It wasn’t festive at the Job Centre. There was no tinsel on the job search machines, no tinny Christmas carols playing over the muttering. A Christmas tree didn’t block the way to the disabled toilet. It all looked as it always did for my first pre-Christmas sign-on.
I don’t have to sign-on again now until January: the office is closed when I’m next due to visit. I explained to the adviser, not my usual one, I might be able to sign off temporarily.
“Take it,” she spat, with the excitement and ulterior motive of a busy mum feeding veg to a resentful child. “It will look good on your CV and –”
It was my turn to butt in. “If I can afford to I will but I need first to check that once pension, NI contributions and tax is taken out I can still afford to live on it. I’m in debt to HMRC, you see – ”
“If it’s part-time work at less than 16 hours you might be entitled to keep some benefits –”
“It’s seven hours a week at £33 an hour.”
“Right then, that takes you way above the limit for having additional benefits.” She thought for a moment. “I tell you what I’m going to do. I’m going to put this into the system.”
She started to type intensely as I looked on. She caught my eye momentarily then looked back to the screen before speaking.
“It seems like a con,” she said, “because it looks like your going for this job was the idea of Jobcentre Plus but no one here will believe that.”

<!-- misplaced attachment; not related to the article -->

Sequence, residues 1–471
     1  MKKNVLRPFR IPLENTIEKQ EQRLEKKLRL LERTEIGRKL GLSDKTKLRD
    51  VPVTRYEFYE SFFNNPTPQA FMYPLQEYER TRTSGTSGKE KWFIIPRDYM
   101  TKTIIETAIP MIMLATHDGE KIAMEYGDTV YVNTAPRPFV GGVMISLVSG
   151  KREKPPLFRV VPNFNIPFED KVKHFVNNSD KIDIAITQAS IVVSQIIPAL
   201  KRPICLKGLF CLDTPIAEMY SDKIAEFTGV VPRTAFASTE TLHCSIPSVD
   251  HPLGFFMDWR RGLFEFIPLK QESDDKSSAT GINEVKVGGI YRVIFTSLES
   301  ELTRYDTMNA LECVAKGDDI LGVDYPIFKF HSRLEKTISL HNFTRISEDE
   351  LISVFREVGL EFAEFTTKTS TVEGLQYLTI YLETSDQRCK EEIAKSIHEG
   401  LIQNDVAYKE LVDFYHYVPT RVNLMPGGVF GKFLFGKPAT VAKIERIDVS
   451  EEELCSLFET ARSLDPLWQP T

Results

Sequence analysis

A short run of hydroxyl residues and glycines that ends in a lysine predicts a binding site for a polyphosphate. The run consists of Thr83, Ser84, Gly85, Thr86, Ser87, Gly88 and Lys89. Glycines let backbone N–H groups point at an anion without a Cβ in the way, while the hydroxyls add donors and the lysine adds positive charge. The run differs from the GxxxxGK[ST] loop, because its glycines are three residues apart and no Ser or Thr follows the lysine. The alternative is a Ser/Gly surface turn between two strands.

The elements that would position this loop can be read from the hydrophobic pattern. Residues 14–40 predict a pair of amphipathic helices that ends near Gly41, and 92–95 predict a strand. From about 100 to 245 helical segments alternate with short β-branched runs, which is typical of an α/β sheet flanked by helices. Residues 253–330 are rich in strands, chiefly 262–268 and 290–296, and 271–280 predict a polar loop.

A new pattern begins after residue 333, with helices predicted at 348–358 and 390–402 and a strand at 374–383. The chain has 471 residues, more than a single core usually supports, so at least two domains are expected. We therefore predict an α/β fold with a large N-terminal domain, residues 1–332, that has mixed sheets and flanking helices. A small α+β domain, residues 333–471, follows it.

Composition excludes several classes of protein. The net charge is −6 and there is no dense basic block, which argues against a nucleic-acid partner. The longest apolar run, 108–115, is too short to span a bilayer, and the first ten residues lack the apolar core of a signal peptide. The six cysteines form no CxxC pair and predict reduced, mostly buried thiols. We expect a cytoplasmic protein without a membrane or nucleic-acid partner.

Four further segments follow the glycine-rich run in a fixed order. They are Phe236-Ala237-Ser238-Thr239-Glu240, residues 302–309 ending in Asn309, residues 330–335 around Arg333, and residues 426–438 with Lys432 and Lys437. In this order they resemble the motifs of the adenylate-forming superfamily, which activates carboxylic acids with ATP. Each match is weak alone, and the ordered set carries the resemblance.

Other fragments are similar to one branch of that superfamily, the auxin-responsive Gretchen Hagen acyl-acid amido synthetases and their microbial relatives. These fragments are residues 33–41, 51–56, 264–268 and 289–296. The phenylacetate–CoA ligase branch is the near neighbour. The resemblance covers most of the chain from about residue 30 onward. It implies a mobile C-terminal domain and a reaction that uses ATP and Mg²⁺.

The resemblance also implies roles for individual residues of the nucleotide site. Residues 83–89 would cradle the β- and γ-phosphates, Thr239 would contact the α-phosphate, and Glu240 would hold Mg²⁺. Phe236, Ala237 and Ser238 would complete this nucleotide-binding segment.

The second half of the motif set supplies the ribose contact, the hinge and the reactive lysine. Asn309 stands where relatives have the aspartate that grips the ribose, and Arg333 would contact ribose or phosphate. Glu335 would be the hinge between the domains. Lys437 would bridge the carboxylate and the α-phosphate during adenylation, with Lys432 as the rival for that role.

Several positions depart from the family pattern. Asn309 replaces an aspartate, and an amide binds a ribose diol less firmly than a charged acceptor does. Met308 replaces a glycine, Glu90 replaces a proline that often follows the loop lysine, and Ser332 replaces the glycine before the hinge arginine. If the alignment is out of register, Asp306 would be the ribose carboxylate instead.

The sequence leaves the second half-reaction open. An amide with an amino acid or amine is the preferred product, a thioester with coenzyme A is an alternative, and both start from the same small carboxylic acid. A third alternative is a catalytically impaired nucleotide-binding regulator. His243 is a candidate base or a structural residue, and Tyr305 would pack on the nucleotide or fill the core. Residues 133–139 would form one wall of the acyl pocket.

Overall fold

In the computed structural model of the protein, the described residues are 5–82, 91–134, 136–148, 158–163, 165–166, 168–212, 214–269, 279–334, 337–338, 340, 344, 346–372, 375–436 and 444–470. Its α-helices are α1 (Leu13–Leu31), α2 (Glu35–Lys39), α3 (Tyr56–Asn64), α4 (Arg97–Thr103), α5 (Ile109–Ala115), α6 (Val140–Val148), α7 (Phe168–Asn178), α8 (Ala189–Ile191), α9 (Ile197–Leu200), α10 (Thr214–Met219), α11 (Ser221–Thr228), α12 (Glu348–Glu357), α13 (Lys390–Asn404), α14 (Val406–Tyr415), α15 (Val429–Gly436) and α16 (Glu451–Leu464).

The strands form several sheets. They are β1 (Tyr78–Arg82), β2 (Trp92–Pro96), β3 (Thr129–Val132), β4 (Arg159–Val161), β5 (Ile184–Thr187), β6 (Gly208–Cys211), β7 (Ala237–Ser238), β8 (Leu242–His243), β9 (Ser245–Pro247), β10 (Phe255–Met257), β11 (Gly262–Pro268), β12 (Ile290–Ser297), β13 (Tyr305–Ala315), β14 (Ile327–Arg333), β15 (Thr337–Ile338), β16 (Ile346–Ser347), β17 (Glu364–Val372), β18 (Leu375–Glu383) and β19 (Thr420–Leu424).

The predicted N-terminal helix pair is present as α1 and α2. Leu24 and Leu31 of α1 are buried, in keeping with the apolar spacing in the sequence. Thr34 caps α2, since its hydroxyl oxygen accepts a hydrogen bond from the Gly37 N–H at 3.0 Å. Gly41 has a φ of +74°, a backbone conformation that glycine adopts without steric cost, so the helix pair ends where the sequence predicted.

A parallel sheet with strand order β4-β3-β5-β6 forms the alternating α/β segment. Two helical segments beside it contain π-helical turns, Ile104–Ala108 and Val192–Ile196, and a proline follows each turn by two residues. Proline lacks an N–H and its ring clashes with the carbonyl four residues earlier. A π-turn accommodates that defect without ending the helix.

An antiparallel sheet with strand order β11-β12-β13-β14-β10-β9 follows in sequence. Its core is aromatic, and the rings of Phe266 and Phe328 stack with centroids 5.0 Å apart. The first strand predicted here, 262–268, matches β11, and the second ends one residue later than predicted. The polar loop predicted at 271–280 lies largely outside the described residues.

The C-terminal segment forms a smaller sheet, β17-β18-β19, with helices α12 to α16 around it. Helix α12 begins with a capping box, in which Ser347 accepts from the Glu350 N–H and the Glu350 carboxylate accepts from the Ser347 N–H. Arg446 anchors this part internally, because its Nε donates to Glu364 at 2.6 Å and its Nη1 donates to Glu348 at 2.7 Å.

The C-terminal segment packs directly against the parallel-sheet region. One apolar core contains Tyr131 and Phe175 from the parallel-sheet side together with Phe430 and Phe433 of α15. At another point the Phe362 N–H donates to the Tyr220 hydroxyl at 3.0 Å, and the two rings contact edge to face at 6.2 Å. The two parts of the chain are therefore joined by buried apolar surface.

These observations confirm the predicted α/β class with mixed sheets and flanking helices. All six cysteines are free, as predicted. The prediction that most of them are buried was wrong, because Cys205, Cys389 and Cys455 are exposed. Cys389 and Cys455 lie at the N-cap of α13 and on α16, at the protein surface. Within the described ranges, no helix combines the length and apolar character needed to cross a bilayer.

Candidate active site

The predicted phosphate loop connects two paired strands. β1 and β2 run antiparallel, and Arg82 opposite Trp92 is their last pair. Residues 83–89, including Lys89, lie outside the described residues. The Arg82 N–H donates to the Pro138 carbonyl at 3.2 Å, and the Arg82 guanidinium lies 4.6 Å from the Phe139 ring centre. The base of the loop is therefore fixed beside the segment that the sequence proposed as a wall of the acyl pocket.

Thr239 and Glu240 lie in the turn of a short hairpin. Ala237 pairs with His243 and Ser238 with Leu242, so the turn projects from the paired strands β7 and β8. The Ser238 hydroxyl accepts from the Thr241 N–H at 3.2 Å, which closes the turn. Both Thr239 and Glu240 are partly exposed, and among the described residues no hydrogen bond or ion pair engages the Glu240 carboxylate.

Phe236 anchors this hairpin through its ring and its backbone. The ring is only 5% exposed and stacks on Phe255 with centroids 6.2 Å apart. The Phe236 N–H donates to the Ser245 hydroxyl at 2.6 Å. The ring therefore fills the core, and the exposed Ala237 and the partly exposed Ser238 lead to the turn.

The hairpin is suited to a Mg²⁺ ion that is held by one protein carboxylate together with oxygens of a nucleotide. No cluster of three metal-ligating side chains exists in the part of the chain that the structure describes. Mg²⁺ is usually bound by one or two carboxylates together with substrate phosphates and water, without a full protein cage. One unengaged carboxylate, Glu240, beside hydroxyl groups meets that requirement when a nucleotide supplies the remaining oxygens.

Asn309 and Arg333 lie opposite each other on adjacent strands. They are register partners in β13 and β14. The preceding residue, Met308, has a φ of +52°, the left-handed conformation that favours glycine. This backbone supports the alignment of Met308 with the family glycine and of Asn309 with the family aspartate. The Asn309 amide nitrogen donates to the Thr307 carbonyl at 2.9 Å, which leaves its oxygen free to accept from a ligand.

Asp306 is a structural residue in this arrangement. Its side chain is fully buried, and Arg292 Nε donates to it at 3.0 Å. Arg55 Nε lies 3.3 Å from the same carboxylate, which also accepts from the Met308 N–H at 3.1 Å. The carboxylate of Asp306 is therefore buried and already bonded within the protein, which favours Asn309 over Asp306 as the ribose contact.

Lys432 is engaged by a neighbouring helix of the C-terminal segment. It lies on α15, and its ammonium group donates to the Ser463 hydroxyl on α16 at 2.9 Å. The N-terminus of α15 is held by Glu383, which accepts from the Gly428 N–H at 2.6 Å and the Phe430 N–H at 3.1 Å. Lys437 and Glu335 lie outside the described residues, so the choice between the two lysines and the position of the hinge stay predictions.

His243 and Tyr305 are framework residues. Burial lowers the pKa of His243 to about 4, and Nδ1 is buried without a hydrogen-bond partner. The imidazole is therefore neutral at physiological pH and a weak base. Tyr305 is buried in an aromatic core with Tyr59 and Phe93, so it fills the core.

I didn’t really care who took the glory for my having potentially found ten week’s work through my contacts, or whether other staff at Jobcentre Plus thought this woman I’d never met before found me work within minutes of our meeting: I needed to know about tax, NI contributions and this, I was told, is not in the Jobcentre Plus remit.
Once she had typed the information, making the Fairy Jobmother look like a slacker, she continued with the rest of the process. I had to sign-on, receive a letter explaining when my next mandatory meeting is, another letter telling me when I next sign-on due to the Christmas period: then I handed her my Looking for Work booklet.
I’ve added much to the booklet in recent weeks: I’ve considered teacher training, looked for funded PhDs, sent a course I’ve written to a local University, sent CVs on spec and applied for six jobs. This is more than my three things a week I have to do for my Jobseekers’ Agreement and is the sort of lateral thinking for which I want congratulating. I pushed the booklet towards her, like it was a Christmas card I’d made at school.
“Oh, I don’t look at them,” she said, the metaphorical glitter falling off my offering. “I keep saying there’s no point in us looking at them. I mean, you could write anything you want to in that.”
She’s right, of course. I could but I don’t. I might start putting in my dream jobs of Volcanologist and Bat Sanctuary Cleaning Attendant to see if anyone notices.
Here unemployed protestors take to the streets of London and one woman explains what it’s like to be a qualified worker attending Jobcentre Plus.